Rumination on Online Etiquette

A few days ago a person named “David” wrote this comment on one of my posts:

“You are a douche bag!!! LIBERAL ASSHOLE!!”

I have the ability to delete comments, but I figured the purpose of this blog in the first place is, at least in part, free-thinking discourse, as you can see in the “Why” tab of this site:

Our nation is in desperate need of some independent and critical thinking. This is not a free nation, as we are told every day. Ours is not a free press. We are not free to do what we want to do. And one of the basic causes of this tragedy is that there isn’t any debate. We are being told what to do, what to buy, how to vote and what to think and feel.

The Bush administration took away personal liberties and privacy to an unprecedented degree. And the public did not appear to even notice.

We need to speak up and talk back.

We owe it to our system, our nation, our spirit and our own thinking and feeling to respond with ideas, thoughts, discourse and challenge.

Being the good sport that I am, or douche bag liberal asshole, I left it there. But I am still puzzled. Why did “David” write this? Clearly, I must have pissed him off. Nobody calls somebody an asshole in capital letters without there being some emotion involved. I read the entire post carefully again. The only possibly offensive statement in the entire post I could find was when I said that I didn’t agree with Luttrell that  George W. Bush was one of the best presidents of all time. I didn’t even call him a bad president – whether I think that or not could not be obvious to “David.”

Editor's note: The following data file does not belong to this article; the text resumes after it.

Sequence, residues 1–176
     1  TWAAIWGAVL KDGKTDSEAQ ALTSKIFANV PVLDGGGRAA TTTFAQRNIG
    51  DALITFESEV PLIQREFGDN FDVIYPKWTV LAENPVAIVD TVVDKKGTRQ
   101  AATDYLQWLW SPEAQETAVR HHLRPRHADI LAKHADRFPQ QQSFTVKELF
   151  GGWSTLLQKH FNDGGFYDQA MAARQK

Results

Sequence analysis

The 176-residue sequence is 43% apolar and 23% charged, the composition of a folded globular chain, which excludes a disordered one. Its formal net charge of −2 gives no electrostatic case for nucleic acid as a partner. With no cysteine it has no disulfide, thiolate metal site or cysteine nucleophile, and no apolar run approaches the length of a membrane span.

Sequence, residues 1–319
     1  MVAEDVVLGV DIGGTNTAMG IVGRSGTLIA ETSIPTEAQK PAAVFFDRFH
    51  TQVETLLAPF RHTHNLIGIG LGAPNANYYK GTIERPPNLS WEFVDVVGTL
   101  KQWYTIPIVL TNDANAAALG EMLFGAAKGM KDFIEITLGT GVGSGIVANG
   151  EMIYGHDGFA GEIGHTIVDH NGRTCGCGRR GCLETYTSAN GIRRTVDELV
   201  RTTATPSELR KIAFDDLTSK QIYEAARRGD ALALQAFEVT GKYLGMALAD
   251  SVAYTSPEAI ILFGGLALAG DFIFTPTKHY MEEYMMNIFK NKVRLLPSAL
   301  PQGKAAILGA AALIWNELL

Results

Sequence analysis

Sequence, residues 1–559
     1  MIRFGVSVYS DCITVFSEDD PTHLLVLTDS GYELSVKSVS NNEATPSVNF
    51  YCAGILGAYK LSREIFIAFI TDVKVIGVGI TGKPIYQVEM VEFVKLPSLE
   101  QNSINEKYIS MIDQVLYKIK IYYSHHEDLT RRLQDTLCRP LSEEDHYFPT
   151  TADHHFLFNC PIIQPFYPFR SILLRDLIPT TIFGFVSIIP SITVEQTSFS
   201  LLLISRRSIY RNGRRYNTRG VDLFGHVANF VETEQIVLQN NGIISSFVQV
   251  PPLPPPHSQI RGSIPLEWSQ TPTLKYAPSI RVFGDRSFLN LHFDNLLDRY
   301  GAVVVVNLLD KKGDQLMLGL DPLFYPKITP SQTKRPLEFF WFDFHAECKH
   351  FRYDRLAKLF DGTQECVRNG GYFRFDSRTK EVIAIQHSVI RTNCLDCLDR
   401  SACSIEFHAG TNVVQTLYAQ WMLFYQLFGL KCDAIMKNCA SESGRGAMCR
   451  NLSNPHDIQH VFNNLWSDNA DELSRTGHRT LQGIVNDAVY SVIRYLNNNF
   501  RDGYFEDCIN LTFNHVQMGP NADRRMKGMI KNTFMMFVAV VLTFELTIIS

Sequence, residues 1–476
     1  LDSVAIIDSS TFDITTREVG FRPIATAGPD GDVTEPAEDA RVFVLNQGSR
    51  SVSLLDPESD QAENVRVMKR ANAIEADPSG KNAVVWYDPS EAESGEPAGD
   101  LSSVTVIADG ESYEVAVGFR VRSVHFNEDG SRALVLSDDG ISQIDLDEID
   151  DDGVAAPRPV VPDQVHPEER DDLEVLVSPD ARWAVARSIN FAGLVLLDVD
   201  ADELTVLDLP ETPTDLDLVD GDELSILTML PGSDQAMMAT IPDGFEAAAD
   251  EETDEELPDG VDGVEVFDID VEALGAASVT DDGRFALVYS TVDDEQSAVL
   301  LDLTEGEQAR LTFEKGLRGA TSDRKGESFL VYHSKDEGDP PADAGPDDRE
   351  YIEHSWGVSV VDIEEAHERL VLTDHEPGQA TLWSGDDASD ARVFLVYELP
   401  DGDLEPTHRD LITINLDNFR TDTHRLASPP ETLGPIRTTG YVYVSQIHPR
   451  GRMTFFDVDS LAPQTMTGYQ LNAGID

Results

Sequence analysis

So rather than  deleting his vulgar comment, or letting it stand and speak for itself, I am highlighting it here with another post, putting an extra spotlight on it. Does “David” win?

We all have heard of or possibly experienced road rage. How can two normal human beings yell at each other, flip each other off, in traffic? Because the human connection is missing when we are moving 60 miles an hour and are shielded behind steel and glass in a car.

Would “David” say  those things to my face if  he sat next to me at Starbucks? I doubt it. We would talk politely, and we would agree to disagree on our political outlook. I believe we would not verbally assault each other. Written communication, and especially anonymous comments, where we can hide behind an email address and a name, both of  which could be fictional, somehow entitles us and emboldens us to assault one another.

The written word is stark, it can be permanent. The pen is mightier than the bullet. It can do much damage and hurt, and it can destroy lives.

In this case, it gave me reason to ruminate and write these thoughts. Thanks, “David.” 

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